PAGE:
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"One Lump or Two?"

I didn't know what to expect in response to the sugar radif challenge. It turns out that some sweet ghazals can be built around that radif, displaying the many meanings and overtones of the word, "sugar." Because of my health, I hardly ever eat sugar, although once in awhile I do taste a bit of sugar. I hope you will taste these ghazals, all centering on sugar, to discover the many flavors of sugar.


Esther Greenleaf Mürer

Gino called for ghazals with the radif "sugar",
such a desperate craving had he for sugar.

Writing ghazals is better and safer than eating;
everybody knows you get bad teeth from sugar.

Please, sir, won't you let me carry your golf clubs?
I don't want money, but I'll caddy for sugar.

Here's a good chance for diabetic poets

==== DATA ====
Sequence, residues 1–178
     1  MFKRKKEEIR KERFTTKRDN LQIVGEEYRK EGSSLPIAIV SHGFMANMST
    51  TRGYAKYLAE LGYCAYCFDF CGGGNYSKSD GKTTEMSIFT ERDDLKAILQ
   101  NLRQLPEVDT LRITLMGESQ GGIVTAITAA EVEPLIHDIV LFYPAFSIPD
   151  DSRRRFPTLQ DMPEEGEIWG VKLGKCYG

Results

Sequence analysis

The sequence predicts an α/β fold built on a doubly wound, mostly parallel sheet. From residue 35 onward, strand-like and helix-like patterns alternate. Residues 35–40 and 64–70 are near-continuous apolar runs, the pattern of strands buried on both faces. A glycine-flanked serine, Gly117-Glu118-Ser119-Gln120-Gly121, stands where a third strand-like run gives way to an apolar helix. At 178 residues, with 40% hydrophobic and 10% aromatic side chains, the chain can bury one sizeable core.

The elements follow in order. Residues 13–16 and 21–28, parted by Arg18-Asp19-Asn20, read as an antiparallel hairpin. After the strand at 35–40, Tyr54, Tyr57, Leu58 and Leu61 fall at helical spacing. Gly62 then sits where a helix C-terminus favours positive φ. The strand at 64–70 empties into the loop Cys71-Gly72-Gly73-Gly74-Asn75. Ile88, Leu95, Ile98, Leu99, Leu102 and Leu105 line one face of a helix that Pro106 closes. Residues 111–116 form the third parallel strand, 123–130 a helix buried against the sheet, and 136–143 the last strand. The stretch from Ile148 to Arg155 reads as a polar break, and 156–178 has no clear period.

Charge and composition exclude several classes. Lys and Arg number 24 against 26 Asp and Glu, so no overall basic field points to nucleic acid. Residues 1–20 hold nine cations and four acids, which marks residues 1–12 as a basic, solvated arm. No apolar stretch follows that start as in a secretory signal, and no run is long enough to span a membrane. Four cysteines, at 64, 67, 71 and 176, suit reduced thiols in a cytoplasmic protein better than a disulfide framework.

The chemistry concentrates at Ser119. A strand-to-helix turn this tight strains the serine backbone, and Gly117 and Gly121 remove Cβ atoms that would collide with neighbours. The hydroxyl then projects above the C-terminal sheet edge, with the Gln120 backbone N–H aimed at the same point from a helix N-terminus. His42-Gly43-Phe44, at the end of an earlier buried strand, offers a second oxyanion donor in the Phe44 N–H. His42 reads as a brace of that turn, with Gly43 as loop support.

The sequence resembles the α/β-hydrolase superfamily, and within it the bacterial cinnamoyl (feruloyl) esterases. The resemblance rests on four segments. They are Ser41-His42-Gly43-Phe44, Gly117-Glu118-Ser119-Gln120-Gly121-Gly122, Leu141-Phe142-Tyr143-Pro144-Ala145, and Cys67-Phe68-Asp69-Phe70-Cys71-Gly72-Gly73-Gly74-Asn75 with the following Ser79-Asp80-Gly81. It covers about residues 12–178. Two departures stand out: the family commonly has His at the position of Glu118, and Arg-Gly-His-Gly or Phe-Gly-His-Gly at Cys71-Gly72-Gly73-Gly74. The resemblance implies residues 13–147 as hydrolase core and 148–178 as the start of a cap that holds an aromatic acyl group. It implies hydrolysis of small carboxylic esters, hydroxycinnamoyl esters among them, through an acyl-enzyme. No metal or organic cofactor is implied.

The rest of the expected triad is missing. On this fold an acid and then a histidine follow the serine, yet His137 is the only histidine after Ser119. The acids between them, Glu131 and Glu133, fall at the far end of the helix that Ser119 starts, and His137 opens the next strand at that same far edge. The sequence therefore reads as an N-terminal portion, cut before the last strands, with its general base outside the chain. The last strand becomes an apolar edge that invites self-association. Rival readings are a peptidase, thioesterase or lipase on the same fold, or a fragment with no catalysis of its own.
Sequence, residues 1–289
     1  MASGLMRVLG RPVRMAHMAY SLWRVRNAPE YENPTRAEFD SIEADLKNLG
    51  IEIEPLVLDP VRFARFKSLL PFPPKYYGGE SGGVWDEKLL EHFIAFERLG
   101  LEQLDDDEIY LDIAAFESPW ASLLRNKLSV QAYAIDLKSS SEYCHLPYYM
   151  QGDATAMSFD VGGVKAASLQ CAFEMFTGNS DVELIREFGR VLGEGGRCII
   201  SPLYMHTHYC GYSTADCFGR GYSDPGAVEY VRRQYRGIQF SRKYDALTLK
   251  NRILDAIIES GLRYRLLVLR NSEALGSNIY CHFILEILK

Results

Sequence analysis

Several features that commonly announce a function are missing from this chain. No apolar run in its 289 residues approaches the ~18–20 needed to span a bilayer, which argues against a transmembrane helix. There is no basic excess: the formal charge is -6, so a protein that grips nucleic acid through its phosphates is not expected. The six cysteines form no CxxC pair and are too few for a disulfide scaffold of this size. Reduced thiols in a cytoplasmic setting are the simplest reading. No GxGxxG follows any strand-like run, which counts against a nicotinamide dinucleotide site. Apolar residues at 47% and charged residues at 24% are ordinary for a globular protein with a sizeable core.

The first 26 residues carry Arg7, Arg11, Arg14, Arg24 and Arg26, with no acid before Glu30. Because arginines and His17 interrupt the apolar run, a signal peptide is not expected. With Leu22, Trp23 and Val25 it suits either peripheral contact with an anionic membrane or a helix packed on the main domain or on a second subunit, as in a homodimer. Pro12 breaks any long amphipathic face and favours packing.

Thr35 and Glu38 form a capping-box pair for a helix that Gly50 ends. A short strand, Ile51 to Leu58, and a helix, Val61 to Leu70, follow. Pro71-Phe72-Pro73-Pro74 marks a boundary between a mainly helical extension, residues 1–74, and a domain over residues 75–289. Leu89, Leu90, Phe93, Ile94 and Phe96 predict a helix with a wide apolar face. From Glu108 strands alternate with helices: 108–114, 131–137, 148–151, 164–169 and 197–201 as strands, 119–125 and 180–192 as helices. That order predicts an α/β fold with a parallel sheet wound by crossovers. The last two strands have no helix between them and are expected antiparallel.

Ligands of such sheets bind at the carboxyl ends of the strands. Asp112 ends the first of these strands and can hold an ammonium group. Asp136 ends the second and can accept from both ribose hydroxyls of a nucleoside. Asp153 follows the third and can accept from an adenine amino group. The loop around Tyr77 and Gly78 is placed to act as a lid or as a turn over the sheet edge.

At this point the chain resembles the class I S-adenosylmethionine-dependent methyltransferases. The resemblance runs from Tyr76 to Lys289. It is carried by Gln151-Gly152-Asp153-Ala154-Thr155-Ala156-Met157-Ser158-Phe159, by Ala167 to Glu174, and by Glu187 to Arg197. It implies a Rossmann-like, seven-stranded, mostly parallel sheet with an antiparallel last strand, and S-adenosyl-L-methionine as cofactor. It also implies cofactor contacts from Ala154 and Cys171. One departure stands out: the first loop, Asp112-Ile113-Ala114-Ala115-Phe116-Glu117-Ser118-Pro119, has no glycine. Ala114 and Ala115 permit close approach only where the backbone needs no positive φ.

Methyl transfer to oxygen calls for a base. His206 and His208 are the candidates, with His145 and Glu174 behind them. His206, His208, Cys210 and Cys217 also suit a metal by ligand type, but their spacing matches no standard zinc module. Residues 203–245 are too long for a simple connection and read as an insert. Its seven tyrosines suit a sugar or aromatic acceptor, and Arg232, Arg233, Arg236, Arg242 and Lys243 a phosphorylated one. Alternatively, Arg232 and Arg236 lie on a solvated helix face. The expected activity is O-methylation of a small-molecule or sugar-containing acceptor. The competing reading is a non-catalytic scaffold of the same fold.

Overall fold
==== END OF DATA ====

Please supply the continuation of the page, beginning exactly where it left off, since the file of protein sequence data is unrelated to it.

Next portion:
to weep and mourn and write a kaddish for sugar.

Water schmahter, forget about the oasis;
I search on hands and knees down the wadi for sugar.

OK, so I let you cast me as your toyboy,
but don't think it means that I'm a naif, sugar.

Sent to school with the burden of a balanced lunch,
the wee bairn traded his finnan haddie for sugar.

Brazilians know how to draw the tourists; that's why
in Rio they named their local massif for sugar.

Ecuador is the paradise where, when they die,
French-speaking dudes go to flash their wads of sucre.

I won't listen to the music of Ernest Schlock
because it has only one Leitmotiv: sugar.

Out in the world they think that my name is Esther;
back in the tribe I'm known as Mad Chief Sugar.

All text and design © 2008, by Esther Mürer, and Gene Doty.

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